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Steven Sater and Duncan Sheik: Spring Awakening is about the isolation of being young – that speaks louder now

The pair reflect on 15 years of the hit musical

Spring Awakening company members
© Alessio Bolzoni, concept by Emilie Chen

I'm on Zoom, staring at half of Spring Awakening's writing team. "I'm sure Duncan will be here soon," London hotel-based writer and lyricist Steven Sater tells me, "but we can carry on."

We do – and I deep-dive headfirst into a lengthy chat about one of the most revered new musicals of the 21st century. Based on the 1891 play by Frank Wedekind, the piece had a gradual conception, with seven-years' worth of workshops, concert stagings and more before it finally premiered off-Broadway in 2006, making the leap to the Great White Way that same year.

It sailed onto UK shores a few years later, opening at the Lyric Hammersmith in 2009 with Broadway director Michael Mayer again at the helm, where it was described as "an absolute must-see and by far the best new musical in London for ages". Big words, but they were followed by big prizes – four Oliviers, though a cruelly short West End run. A WhatsOnStage Award-winning Manchester run also saw the show get some UK-based love.

But now a new production has found its feet in north London, with the Almeida's artistic director Rupert Goold calling the shots. Sater admits that Goold has been waiting for this moment for a while: "when the show had its press night at the Lyric Hammersmith, I was a few rows down from Rupert...and since then, we've been talking about doing it for years. We held the show back for him so we could work on it together. Then it got delayed – it was meant to run in May/June 2020."

The intimacy of the Almeida is a snug fit, Sater explains: "It takes me back to my memories working on the show at the Atlantic (the 199-seat Off-Broadway venue), I've loved the venue for years and years – I've seen multiple things there multiple times. I was up in the circle and it felt so spectacular – you're so close to the performers. There are changes to text here that I would never have made with anyone else.


So this isn't a Spring Awakening anyone will have heard before – with the inclusion of "There Once Was a Pirate", a number cut during the original workshops but now pushing out "The Guilty Ones" to open act two. Sater gets emotional as he explains: "It's a haunting lament, a choral number. We originally wrote the lyric as far back as 2000. Rupert loves the idea of these star-crossed lovers – Wendla and Melchior – there's something doomed yet redemptive about their love.

"'The Guilty Ones' is all about embracing your body, but we're looking at the show in a very different way here. While I've rewritten the lyrics a bit for it, but there's a metaphor about a pirate and the mate. All about a voyage, and a premonition. It's a full company number with some incredible choreography from Lynn Page."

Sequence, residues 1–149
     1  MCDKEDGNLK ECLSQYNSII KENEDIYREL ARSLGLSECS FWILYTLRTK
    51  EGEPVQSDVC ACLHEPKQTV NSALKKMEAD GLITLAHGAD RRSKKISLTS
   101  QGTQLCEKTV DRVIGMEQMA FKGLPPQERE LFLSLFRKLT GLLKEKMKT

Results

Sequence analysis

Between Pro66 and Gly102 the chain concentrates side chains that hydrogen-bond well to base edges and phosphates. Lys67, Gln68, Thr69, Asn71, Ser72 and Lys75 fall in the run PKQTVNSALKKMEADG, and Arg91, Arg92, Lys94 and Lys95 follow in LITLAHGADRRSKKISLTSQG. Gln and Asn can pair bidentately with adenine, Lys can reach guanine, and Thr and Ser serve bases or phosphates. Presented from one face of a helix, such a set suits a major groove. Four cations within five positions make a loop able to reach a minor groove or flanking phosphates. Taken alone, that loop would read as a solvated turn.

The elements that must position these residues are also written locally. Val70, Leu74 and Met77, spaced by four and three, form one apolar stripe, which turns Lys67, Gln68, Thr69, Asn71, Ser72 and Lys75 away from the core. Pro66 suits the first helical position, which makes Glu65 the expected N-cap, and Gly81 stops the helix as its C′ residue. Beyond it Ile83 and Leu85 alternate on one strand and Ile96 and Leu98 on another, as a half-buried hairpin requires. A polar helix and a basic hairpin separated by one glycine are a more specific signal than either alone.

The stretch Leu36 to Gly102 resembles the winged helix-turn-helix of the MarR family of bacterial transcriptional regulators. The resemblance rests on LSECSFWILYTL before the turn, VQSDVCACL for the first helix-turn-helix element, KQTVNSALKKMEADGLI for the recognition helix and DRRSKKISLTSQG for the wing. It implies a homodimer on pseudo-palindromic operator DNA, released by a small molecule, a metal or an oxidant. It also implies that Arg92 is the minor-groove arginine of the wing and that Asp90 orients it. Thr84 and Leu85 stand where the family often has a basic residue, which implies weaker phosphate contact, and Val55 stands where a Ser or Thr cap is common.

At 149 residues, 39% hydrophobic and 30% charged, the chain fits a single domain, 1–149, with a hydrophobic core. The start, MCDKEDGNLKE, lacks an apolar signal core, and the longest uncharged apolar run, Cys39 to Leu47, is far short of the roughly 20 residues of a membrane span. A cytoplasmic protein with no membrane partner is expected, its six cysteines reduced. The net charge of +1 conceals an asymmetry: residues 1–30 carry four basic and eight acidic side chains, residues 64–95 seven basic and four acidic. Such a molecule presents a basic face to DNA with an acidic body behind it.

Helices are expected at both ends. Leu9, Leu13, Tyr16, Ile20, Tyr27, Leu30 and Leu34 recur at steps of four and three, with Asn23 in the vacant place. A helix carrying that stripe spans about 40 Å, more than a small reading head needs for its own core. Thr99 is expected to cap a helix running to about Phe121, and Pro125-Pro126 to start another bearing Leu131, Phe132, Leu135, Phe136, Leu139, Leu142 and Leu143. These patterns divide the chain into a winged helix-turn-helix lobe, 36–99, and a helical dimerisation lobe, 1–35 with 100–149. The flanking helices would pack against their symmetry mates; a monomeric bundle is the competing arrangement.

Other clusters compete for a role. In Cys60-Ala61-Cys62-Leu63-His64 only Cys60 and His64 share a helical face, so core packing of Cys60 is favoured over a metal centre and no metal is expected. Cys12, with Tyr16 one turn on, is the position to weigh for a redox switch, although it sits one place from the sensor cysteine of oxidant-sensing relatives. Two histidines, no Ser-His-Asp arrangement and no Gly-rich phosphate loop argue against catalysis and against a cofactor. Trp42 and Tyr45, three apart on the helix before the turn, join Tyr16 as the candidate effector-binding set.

I say it reminded me a bit of the clips where McCartney and Lennon go back and salvage old material for their "Get Back" concerts. At that moment, Sheik appears – he's still in the US for his daughter's birthday, ahead of a flight to London. He said he loved The Beatles documentary – saying how odd it is that that was filmed the year before he was born.

Sheik reflects on the evolution of the show: "I have a long relationship with Rupert (the pair worked together on American Psycho) – I'm always blown away by his imagination and the deftness of his intellect."

We alight on Shakespeare – Spring Awakening's form quite naturally having something in common with the Bard's text. "The songs function as the subtext to the text. That was what Duncan and I had as one of our original ideas – these songs are interior monologues. It was always something of an intimate thing. We were more worried if it'd work on a larger scale. Though it seems to scale up alright!"

Duncan Sheik (Music) and Steven Sater (Book and Lyrics) at the 2009 opening of Spring Awakening at the Lyric Hammersmith
© Dan Wooller

The UK cast are a blend of new faces, making professional debuts, and rising stars – like Laurie Kynaston or Amara Okereke. Sater waxes lyrical: "This is a stunning cast, from all over the UK. I can't say enough about them. They bring their regions with them. They are almost all Gen Z – some were even having to finish their drama degrees over Zoom last summer. Spring Awakening is about the isolation of being young, being misunderstood – and after the last two years, that speaks even louder."

When Spring Awakening was first released, it was sensationally original – but with a whole generation (including cast members in the Almeida production) growing up now with the material, how does it feel to Sheik that the show might be sliding into orthodoxy? "That's fascinating – I've never really thought about it like that. In a way it's a bit annoying – you always want to be the new thing!" But to become something timeless and iconic, I point out, is pretty great at the same time.